“There is nothing that has come out of my office,” Dunleavy said with regards to discouraging ivermectin or hydroxychloroquine. “There may be impressions – and I’m not downplaying this – coming from Health and Social Services, in which people believe they’ve been led to believe that you cannot do it, but any doctor in this state that wants to prescribe and administer ivermectin – they can do it.”

Alaska must move to a treatment-based approach to Covid, Dr. Farr emphasized.

If a corporate office or hospital says otherwise, that’s their decision, not the state’s, Dunleavy added. He did note, however, that he’s heard of doctors being pressured by their peers and others to not prescribe or administer certain treatments.

He then claimed that his state medical and pharmacist boards are not doing anything to sanction doctors who prescribe or administer ivermectin.

While there are no sanctions coming from these boards, individual Alaska State pharmacists have discouraged the use ivermectin to treat Covid, and the Pharmacy Board has issued a joint notice with the boards of nursing and dental examiners that highlights the FDA’s approval of remdesivir and monoclonal antibodies, while cautioning Alaskans about the use of ivermectin.

Dunleavy said the real issue was not about penalties for administering these alternative early treatments but “whether the health department is promoting it.”

They are not.

As to whether people should bother taking early Covid treatments, Dunleavy said he was not going to tell people what to do because, “I’m not a doctor – that’s up to your doctor and your pharmacist,” he said.

While the governor has remained silent on the documented merits of ivermectin, he has granted his health department considerable reign to push the experimental Covid shots on children, pregnant women and others through television, radio and statewide PR campaigns. The governor has personally, taken part in these messages, urging Alaskans to get the jab.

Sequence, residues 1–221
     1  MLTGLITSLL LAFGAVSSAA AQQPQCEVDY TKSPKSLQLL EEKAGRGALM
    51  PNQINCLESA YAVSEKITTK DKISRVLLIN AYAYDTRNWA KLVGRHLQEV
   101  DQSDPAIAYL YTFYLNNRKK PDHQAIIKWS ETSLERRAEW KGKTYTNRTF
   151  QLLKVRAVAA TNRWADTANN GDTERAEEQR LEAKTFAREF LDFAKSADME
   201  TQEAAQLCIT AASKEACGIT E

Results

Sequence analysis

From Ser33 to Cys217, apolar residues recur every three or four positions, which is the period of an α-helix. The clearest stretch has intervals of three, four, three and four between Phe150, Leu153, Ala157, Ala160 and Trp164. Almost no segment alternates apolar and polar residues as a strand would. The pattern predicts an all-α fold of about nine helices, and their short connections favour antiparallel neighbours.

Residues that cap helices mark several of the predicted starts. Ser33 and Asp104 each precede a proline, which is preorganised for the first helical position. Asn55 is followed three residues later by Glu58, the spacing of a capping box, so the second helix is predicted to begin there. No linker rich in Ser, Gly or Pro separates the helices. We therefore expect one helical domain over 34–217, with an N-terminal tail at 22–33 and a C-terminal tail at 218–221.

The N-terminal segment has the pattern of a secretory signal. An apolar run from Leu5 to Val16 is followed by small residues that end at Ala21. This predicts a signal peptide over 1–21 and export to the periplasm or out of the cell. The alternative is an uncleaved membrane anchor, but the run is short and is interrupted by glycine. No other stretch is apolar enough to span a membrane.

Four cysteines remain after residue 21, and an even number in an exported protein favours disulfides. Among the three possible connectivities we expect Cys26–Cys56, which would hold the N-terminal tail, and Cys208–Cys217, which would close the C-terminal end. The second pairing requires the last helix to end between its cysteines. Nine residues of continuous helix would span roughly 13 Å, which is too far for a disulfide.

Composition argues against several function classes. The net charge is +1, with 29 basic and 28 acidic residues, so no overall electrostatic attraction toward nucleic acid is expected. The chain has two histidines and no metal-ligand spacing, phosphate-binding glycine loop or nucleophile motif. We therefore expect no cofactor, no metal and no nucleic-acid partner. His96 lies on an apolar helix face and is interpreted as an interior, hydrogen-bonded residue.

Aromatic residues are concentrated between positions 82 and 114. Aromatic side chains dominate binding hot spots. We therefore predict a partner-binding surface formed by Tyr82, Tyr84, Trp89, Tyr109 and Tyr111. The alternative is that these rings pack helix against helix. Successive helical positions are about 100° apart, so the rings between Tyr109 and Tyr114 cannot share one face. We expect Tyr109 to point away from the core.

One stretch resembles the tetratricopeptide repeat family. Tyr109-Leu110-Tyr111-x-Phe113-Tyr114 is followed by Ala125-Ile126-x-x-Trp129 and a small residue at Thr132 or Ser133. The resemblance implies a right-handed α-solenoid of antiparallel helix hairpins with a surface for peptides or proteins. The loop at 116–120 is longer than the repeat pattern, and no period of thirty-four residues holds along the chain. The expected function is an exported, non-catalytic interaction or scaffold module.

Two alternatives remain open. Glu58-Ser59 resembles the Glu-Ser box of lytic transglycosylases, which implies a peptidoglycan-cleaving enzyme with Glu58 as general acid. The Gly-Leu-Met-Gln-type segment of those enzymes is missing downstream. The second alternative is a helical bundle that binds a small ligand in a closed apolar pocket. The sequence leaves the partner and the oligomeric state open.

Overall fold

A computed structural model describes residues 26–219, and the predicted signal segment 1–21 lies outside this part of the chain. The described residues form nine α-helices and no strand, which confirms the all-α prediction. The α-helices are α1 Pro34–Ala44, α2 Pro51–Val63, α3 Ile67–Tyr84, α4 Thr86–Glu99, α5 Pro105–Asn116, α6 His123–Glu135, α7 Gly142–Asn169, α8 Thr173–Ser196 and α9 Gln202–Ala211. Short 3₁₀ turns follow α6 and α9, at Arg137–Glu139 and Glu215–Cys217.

At one point, Dr. Ilona Farr, who helped organize the Early Treatment Summit for Covid in October, called in to tell the governor that cloth face coverings are worthless and that children needed to be back in school, mask free.

She urged the governor to fight vaccine mandates, because adverse reactions to the shots are dangerous for many of her patients. Specifically, she said mandates should be halted for those under age 30 – a population with mild symptoms that do not justify the risk of adverse reactions from the jab. She noted that not a single person under age 20 has died from Covid in Alaska.

Ultimately, Alaska must move to a treatment-based approach to Covid, Dr. Farr emphasized, saying she has turned away hundreds of patients each month who want medications like ivermectin but cannot access them.

“We desperately need help there,” she said. “We definitely need to get these early treatments.”

Additionally, Alaskans need access to basic devices in their homes, Farr added.

“We need to get blood pressure cuffs, thermometers and make nebulizers more available for people so when this next wave comes around, we’ll be prepared for it,” she said.

Farr brought up problems she has experienced with the State Pharmacy Board.

“It looks like the pharmacy board has taken a stand around hydroxychloroquine and ivermectin, so most of the pharmacists are refusing to dispense it, even though it’s one of the world’s safest medications,” she said.

“I have to have more options available,” Farr pleaded. “And I need to not be blocked by pharmacists when I write prescriptions.”

Dunleavy said he would look into the pharmacy board’s stance.

“I’ll make a direct inquiry,” the governor promised. “Because I heard something different.”

Following Farr, a 76-year-old man recounted difficulties he experienced in obtaining Covid treatments from local pharmacists. He said he was forced to shop at multiple locations before finally getting his medications.

Another person, Sheri Manning, said her husband got Covid in November and had to go to Mat-Su Regional Hospital where he was denied hydroxychloroquine and ivermectin.